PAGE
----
Older adult volunteers are at the heart of Bridges Together. These volunteers benefit in a variety of ways. Seniors who participate in the program are quick to say:
- They really enjoy their time with the children.
- They are amazed at how eager the children are to learn and to form friendships.
- They are impressed with how smart the students are, how many opportunities they have and the caliber of their teachers.
- When they see the students throughout the community, at the supermarket or library, the students often run up to the seniors with big smiles and are so happy to reconnect with these “old friends.”
Depending on their time, interest and experience with the program, seniors are able to fill three roles:
For every six students, it is recommended that the program has two senior volunteers. These eight participants will work together as a group throughout the program. For an after-school program, there might be 12 students and four senior volunteers. In a classroom, there might be 24 students and eight senior volunteers. The volunteers share their experience and facilitate the group discussions and projects. They are not teachers, per se.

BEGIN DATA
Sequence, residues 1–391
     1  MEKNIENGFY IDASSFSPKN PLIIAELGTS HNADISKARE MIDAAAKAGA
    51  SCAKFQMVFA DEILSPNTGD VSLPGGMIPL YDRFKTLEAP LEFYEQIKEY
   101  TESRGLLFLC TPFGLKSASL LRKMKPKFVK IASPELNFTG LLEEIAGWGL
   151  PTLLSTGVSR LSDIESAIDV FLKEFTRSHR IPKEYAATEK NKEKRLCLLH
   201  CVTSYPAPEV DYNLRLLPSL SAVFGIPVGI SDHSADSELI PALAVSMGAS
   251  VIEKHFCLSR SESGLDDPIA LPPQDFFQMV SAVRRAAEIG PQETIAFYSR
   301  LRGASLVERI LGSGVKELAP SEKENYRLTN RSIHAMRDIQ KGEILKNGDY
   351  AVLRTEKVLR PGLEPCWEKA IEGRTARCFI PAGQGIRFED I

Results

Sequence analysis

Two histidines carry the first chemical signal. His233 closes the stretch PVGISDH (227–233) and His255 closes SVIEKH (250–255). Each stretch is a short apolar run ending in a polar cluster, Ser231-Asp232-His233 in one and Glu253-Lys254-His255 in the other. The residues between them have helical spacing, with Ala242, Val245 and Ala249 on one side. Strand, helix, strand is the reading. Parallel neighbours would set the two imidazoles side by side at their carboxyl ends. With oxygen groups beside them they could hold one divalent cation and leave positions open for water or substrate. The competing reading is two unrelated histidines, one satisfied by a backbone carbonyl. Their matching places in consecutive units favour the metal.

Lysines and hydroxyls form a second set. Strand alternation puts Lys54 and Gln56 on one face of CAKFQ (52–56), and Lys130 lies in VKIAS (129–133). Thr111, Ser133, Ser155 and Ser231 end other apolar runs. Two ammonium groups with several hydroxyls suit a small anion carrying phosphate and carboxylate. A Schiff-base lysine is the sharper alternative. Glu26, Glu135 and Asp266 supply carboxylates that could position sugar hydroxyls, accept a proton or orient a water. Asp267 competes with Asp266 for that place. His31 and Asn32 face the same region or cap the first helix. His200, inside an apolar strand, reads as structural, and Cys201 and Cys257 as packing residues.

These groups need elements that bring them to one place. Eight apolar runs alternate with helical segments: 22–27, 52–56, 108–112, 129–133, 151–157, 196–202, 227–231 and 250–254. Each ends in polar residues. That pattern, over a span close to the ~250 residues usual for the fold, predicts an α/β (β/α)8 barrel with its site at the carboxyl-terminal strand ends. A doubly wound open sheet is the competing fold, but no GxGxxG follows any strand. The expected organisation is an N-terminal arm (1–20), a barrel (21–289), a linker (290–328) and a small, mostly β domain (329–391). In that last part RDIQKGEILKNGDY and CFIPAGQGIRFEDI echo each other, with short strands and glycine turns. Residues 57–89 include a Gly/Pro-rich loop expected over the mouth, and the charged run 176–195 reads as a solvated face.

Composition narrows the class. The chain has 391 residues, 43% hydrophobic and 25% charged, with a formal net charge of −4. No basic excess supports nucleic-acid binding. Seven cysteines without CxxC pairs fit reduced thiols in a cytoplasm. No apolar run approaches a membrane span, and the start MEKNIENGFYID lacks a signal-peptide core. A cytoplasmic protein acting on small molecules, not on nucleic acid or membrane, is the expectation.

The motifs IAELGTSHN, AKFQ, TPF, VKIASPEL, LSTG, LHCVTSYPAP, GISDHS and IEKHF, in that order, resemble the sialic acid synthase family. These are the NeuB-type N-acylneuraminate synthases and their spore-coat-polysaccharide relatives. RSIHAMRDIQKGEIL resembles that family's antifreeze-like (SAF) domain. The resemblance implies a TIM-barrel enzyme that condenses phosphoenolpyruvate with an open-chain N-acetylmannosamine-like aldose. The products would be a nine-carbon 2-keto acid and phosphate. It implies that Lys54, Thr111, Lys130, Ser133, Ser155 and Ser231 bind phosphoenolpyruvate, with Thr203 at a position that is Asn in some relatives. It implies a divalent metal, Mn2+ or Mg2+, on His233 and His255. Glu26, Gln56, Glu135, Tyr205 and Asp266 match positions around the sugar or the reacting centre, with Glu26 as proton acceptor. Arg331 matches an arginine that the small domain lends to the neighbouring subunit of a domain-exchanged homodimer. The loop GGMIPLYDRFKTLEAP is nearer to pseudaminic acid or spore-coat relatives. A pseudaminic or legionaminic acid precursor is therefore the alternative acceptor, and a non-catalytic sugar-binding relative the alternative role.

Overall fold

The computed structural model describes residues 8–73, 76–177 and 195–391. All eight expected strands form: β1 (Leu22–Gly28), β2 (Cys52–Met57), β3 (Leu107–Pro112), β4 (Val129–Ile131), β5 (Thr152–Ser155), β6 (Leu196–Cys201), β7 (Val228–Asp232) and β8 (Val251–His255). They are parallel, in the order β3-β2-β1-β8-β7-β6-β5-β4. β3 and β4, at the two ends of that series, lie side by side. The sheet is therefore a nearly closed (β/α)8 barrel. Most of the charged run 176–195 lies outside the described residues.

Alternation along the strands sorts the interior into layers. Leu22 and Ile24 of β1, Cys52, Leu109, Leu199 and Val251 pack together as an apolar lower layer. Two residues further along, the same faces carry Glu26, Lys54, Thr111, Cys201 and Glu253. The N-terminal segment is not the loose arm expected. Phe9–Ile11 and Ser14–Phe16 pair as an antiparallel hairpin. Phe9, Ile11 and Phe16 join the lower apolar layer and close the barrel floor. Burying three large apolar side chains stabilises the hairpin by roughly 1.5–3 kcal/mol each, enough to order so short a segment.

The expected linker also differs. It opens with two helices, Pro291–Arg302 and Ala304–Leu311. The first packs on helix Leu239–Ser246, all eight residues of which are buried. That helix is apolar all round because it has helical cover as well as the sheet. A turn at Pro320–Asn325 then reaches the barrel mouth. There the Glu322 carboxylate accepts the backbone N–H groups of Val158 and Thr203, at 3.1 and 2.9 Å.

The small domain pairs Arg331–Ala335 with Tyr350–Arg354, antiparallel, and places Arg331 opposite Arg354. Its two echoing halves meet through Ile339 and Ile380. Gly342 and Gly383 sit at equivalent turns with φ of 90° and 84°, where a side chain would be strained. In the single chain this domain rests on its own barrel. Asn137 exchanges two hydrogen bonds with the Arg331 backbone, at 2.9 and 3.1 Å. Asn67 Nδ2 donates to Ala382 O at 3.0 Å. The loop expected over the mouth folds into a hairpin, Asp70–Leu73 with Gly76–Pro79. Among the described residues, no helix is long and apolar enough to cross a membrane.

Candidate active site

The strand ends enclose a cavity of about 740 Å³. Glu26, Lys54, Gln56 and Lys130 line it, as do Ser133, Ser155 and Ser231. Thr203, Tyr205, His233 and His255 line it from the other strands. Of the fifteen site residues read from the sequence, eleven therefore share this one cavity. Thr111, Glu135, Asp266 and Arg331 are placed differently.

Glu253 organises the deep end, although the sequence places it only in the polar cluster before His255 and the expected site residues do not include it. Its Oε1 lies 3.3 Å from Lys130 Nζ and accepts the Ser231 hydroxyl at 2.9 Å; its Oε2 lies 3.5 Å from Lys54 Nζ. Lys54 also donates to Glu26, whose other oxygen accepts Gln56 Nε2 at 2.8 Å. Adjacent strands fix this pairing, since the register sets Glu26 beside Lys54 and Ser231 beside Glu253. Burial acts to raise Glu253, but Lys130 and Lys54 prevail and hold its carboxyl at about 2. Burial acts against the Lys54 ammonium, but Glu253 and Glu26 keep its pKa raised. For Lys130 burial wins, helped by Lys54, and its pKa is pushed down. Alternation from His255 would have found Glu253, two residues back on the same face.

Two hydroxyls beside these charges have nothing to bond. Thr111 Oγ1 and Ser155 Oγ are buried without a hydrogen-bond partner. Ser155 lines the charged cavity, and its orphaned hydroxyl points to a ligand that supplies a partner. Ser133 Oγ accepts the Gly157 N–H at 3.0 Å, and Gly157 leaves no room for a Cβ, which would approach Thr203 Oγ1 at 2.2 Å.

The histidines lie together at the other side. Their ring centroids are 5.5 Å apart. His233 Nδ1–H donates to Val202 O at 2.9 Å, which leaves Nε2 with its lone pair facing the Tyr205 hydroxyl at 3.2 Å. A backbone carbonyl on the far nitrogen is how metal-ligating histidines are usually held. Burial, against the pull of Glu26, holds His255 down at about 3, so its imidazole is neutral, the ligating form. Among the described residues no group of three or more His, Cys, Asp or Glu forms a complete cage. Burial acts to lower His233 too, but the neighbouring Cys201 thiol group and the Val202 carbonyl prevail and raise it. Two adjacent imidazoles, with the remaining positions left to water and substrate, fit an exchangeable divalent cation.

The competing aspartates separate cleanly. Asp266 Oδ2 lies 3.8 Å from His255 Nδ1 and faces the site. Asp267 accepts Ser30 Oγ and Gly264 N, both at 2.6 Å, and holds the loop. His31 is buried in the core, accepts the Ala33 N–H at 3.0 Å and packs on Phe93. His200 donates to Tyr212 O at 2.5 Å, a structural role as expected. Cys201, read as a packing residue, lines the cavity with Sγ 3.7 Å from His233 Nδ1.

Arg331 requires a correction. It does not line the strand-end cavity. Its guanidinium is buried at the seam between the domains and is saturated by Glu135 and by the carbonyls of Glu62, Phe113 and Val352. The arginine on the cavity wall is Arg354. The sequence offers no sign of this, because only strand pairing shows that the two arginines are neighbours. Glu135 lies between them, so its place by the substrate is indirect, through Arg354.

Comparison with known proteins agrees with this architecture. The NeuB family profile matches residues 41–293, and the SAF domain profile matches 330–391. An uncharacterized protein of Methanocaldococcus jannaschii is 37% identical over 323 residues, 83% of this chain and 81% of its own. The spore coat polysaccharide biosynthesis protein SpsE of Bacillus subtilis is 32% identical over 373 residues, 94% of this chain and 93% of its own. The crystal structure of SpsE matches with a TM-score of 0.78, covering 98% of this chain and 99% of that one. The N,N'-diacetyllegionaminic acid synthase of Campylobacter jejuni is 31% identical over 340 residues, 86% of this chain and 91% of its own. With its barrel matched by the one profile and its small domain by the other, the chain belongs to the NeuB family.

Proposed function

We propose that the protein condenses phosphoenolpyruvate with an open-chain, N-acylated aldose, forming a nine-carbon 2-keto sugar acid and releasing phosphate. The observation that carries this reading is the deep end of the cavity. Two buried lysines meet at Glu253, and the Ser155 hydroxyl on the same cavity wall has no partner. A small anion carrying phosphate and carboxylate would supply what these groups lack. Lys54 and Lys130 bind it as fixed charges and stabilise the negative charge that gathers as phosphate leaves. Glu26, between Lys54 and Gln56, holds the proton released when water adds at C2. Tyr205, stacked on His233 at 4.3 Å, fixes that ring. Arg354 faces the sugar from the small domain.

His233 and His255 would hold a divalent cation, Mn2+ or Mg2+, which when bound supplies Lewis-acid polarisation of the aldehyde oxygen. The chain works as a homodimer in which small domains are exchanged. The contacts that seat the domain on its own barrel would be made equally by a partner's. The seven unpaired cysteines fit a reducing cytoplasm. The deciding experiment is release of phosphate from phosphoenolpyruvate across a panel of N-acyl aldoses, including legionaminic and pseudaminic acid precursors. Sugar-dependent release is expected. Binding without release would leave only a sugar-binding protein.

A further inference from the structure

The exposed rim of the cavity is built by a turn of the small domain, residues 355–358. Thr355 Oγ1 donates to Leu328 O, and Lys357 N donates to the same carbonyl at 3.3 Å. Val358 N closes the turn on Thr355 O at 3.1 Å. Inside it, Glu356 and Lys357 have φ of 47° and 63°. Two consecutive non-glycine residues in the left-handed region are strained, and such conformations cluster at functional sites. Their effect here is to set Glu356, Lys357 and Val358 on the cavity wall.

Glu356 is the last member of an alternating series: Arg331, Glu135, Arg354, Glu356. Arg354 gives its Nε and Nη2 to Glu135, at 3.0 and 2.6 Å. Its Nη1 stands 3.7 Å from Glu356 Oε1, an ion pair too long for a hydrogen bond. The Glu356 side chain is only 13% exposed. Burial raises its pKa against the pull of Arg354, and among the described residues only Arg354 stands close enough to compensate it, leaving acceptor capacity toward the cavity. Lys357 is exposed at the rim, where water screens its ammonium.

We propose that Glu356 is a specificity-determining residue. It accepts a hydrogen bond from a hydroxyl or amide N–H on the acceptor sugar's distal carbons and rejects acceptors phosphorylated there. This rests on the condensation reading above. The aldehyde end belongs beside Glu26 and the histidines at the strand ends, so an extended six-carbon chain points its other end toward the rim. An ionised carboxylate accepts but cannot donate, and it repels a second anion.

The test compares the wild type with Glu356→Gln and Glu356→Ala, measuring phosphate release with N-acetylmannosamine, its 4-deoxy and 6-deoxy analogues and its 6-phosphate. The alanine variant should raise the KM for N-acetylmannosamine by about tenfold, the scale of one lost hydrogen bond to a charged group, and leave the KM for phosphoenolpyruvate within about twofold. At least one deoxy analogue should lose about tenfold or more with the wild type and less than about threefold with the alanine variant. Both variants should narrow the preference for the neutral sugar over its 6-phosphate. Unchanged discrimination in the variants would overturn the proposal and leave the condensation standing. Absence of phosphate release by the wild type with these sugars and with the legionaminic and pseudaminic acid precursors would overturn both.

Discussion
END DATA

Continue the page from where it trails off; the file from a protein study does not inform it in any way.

In larger programs, there is often a “senior liaison”, a person who coordinates the volunteers in one classroom. The senior liaison is a link between the teacher and the volunteers. The liaison also shifts volunteers around as needed, based on absences.
An educator leads the Bridges Together session. In some towns, the educator is a retired older adult.